- Give a reason. Providing a reason can also help put a stop to the peer pressure. Encourage your child to provide reasons such as, “I do not want to do that,” or “I am not allowed to do that.” You can provide examples of other reasons as you see fit for your child.
- Walk away. In some situations it can be as simple as walking way or ignoring the offer. It is important to remember that this may not work in all situations as your child may not necessarily be able to walk away without giving a reason or saying “no.”
- Change the subject. Encourage your child to change the subject or do something more positive. For example, your child can say, “How about we do __________ instead?” Your child can use their confidence to refuse the peer pressure and encourage a friend to participate in healthy behaviors.
- Assert yourself. Being able to assert oneself in any situation is an important life skill. Your child can use this skill with any of the above reasons to say “no” to peer pressure.
Part 2: Role-Play Exercise
Role-playing is one strategy that can be used to help children build their skills and confidence to say “no” to risky behaviors.
The following role-play examples will provide your child with an opportunity to practice their refusal skills. You will be assigned the role of the friend encouraging your child to participate in risky behaviors. Your child will respond to the situation and practice their skills of refusing the peer pressure.
Please note: Your child’s answers will vary; however, we have provided an example answer for each situation. Encourage your child to use different ways to say “no” to the peer pressure from Part 1 of this activity.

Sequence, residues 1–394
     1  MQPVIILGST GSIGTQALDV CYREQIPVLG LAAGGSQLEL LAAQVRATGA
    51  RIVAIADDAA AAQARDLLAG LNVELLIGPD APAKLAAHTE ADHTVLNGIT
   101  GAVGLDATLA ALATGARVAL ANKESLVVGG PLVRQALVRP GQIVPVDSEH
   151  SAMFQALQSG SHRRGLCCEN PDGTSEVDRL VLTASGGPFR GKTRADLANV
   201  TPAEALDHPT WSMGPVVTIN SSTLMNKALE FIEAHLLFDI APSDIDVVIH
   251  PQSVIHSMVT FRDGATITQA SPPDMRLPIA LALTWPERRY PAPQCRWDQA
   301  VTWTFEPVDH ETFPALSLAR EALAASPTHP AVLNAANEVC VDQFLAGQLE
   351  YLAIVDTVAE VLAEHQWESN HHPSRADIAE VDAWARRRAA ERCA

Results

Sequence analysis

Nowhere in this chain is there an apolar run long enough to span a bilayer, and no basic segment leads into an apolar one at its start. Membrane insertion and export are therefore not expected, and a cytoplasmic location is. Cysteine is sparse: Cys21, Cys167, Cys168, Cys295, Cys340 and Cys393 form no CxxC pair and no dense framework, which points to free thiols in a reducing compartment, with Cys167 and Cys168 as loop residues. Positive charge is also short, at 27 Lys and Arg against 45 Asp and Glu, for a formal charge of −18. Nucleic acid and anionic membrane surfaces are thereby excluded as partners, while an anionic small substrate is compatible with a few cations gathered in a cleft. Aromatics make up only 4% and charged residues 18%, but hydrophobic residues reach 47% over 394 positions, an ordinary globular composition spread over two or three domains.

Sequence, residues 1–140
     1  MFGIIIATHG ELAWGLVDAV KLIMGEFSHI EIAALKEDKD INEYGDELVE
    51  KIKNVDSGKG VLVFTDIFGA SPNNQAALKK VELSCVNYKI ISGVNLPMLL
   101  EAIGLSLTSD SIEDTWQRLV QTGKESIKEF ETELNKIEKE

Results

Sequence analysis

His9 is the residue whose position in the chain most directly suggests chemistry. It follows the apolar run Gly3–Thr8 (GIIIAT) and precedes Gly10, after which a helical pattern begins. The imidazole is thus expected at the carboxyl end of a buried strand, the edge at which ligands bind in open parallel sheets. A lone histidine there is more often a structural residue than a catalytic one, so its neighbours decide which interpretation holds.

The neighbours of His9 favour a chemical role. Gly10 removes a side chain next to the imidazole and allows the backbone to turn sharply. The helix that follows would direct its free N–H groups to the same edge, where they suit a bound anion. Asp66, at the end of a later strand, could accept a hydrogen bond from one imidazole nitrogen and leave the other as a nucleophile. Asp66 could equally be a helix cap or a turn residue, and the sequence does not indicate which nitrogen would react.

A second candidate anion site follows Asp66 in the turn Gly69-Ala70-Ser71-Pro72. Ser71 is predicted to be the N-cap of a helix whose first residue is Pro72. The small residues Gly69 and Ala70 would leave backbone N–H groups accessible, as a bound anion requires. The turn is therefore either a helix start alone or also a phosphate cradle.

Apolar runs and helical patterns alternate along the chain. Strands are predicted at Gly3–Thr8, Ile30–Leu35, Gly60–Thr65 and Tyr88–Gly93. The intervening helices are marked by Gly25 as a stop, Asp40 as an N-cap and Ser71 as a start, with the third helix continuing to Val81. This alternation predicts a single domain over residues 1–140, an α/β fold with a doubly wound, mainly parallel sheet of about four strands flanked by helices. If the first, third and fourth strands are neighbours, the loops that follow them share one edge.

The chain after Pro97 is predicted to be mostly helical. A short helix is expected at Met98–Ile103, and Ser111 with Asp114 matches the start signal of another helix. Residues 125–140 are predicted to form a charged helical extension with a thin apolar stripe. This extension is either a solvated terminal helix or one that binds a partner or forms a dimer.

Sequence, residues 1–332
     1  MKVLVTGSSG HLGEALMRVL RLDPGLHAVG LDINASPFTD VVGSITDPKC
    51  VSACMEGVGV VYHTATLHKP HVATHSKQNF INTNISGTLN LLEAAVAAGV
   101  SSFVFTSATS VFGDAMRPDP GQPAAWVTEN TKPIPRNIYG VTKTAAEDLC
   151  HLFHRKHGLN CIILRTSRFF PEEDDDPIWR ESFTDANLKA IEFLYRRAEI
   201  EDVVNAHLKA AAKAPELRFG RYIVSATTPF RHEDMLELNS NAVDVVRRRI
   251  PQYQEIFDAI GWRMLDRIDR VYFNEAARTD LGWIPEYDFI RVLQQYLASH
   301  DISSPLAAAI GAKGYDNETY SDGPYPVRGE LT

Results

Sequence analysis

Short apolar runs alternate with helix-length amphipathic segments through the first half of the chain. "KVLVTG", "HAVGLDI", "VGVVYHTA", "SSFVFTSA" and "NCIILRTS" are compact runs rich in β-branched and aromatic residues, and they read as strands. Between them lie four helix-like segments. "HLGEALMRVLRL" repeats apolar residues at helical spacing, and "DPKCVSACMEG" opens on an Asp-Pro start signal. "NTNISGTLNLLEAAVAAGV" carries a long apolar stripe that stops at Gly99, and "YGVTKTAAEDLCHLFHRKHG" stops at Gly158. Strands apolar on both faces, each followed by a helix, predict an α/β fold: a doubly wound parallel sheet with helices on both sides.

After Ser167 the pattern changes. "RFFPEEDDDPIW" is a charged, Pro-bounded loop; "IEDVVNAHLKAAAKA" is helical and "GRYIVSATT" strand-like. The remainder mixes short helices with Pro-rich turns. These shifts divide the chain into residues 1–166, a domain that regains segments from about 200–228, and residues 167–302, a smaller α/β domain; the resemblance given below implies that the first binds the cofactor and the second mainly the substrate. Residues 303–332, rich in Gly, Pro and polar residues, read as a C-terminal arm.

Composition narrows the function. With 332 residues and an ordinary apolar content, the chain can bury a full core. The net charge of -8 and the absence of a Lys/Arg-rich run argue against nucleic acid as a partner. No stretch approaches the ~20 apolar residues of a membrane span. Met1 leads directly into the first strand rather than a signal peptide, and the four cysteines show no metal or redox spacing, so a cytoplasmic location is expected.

Again, your child’s answers will vary. The examples are provided above to help you encourage your child to deal with specific situations and use their problem-solving and refusal skills. As a parent, you know the kinds of pressures your children must face. Use the examples to help your child use their accomplishments to counter pressure from others and show how feeling good about themselves makes them stronger.
- Friend (Parent will play this role): “Let’s not stay at the playground like the teacher says. It will be more fun to run to the other side and hide behind the bushes.”
(Note to Parent: If you sense that your child needs help, you can provide them with the following example response: “No, I’m really good at swinging and sliding. Besides, I want to follow the teacher’s instructions because he/she needs to know where we all are.”)
- Friend (Parent will play this role): “I don’t want to eat the peanut butter crackers in my lunch today. I would rather take Billy’s cake.
(Note to Parent: If you sense that your child needs help, you can provide them with the following example response: “No, Billy is my friend and my parents taught me that it is not nice to take things from others. Plus, I made my own special raisin and apple snack and it’s much better for me than cake.”)
- Friend (Parent will play this role): “I don’t want to play kickball with the rest of the kids. Let’s sneak back to the room.”
(Note to Parent: If you sense that your child needs help, you can provide them with the following example response: “No. Kickball is fun and I’m good at it. I want to play and help my team win.”)